Risking It All: Part Two

Risking It All: Part Two

A 19-year-old Salvadoran teen prepares to leave his home for a new life in the Central Valley.
In order to make it to California's Central Valley Manuel knows it will take endurance, luck and above all strength. Three things he's learned on the not so soft mats of Mr. Marquez.

"It helps me carry on, to stay away from vices, it helps me to become stronger physically and mentally," said Manuel.

For some of Manuel's counterparts their strength is clear to see. This karate gym has become the home of more than a few Olympic hopefuls. But for Manuel, his goal is neither the Olympics nor is his strength obvious. To get the true measure of his character you must rise with the roosters. His day starts before the sun is even up. 

"I fight day to day to become better the next day. yes, it is very difficult. if you don't have money, you can't, you can't carry on. you can't pay for your education, you can't pay for university," said Manuel. 

He hopes a life in the United states will allow opportunity off limits in San Salvador. But to get there he'll need the man that walked out of his life when he was just 11.

"Well I felt a little bit bad, but at the same time I felt with satisfaction that I was going to be able to give them a better life, so they have a better future, so they don's suffer how I have," said Santos.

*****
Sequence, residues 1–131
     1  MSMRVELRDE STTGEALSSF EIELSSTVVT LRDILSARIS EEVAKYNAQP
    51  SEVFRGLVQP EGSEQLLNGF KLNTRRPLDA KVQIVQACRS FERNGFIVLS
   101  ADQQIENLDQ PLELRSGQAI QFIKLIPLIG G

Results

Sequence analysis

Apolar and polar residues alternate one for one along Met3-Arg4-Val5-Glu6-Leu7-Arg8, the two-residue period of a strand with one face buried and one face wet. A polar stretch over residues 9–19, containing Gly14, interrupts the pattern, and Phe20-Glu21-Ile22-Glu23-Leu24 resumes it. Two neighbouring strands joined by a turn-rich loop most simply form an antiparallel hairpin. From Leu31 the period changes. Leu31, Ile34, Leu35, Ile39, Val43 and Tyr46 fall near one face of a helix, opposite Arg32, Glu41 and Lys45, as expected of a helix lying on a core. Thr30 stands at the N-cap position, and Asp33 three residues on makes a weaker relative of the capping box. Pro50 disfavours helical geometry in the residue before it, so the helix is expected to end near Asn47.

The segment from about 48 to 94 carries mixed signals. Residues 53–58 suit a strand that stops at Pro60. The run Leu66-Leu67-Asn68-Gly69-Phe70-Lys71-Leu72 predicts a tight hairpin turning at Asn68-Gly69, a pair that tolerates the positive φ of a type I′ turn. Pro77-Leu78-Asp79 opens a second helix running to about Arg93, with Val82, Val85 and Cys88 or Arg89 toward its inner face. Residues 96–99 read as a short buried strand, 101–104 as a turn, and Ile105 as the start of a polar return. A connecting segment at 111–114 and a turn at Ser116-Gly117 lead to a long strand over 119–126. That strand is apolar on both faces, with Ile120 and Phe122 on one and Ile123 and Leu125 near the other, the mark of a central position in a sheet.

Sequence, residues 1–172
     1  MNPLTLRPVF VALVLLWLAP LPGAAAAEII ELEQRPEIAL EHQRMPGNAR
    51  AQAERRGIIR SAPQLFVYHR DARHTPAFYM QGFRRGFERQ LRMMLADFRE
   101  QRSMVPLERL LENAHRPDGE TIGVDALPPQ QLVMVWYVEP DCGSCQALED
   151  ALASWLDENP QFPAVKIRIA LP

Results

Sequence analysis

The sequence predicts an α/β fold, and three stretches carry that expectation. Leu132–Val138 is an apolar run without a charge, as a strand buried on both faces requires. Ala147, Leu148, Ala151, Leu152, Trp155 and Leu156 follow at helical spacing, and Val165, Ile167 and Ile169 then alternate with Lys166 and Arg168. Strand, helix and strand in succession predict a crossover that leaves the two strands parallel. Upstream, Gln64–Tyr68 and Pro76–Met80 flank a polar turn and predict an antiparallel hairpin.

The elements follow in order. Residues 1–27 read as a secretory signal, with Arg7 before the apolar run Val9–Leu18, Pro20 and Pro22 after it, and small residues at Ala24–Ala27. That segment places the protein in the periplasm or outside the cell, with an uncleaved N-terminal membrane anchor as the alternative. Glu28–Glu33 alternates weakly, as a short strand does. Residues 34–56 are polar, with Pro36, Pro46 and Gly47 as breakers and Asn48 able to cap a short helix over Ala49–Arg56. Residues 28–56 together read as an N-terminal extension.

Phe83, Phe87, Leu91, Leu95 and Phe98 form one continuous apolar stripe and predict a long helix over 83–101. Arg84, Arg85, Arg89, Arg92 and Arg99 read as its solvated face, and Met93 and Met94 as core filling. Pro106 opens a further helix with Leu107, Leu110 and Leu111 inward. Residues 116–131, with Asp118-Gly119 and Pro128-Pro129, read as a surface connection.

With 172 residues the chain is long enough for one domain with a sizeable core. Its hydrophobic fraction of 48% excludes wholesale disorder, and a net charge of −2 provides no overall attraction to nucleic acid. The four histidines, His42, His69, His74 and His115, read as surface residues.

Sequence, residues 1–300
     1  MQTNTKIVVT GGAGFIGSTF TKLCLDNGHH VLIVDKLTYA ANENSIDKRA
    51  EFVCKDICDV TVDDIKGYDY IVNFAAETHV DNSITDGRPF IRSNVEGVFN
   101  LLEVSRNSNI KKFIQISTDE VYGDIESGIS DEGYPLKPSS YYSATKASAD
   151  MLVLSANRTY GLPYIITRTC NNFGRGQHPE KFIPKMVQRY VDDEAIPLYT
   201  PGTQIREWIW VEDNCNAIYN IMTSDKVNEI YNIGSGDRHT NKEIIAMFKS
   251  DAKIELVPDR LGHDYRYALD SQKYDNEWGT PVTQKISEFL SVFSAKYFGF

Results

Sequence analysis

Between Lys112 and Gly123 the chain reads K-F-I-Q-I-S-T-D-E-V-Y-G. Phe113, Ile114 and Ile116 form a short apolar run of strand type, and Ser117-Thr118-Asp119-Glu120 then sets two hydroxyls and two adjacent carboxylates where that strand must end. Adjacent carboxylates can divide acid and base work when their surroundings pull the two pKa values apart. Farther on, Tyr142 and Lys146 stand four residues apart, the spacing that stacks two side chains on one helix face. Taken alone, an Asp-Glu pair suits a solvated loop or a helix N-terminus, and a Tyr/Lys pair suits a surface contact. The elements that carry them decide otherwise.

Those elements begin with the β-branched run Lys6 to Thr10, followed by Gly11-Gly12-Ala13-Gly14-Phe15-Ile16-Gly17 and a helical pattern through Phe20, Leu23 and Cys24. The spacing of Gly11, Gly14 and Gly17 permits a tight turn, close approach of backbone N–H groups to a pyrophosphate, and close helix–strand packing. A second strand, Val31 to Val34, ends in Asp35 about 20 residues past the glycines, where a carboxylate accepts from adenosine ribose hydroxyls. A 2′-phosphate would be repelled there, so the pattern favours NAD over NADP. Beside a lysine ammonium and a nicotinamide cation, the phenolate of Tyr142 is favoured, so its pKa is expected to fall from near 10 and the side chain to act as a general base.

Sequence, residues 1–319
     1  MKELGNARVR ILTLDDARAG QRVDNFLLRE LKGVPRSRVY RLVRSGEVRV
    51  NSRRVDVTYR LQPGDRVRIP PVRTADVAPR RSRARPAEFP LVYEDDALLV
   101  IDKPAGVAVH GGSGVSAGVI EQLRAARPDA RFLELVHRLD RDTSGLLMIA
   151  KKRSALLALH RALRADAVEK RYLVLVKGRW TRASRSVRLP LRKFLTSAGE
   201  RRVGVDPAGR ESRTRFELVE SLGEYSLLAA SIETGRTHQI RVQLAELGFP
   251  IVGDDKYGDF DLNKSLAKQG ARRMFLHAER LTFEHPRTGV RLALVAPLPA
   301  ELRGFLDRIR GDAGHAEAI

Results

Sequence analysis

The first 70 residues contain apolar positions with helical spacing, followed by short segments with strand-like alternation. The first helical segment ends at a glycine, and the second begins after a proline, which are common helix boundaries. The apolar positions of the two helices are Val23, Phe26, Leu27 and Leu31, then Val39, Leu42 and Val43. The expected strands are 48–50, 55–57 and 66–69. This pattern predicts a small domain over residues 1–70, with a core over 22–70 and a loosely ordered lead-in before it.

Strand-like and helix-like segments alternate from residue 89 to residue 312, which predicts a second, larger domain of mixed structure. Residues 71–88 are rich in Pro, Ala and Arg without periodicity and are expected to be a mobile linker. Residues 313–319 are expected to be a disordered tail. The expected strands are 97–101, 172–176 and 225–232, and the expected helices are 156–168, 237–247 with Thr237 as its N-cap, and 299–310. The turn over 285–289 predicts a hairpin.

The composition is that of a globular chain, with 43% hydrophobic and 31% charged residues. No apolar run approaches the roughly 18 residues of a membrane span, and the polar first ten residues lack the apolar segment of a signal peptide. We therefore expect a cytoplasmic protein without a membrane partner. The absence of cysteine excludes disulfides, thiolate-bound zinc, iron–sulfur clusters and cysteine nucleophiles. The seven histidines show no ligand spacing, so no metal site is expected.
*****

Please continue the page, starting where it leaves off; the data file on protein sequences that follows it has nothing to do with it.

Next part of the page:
Manuel's father, Santos, who asked we not use his family's last name, is no stranger to a hard days work. Since coming to Fresno, he's held three jobs - including one fixing cars. All along his dream was to bring over Manuel, at a price tag of around 10,000 dollars it took him a while to save. But with every turn of his wrench, every back breaking maneuver, thoughts of his son were never far away.

"What I want is that he comes here to study, that he gets better prepared and I think things will go well for him because he's intelligent, polite, well what more can I say, he's my son," said Santos.

Back in San Salvador, Manuel is preparing for all he'll leave behind. These karate medals are his most prized possession but like most things they can't make the trip. In just a few days he will set off with little more than the shirt on his back. His father's 10,000 dollars has bought him a ticket on one of the wildest and most dangerous rides in the world. A human trafficker will take Manuel more than 1,500 miles through the jungles of El Salvador to the dessert of northern Mexico. Assuming they survive, he will try to cross the us border, where hundreds of migrants die every year.
Page: [[$index + 1]]
comments powered by Disqus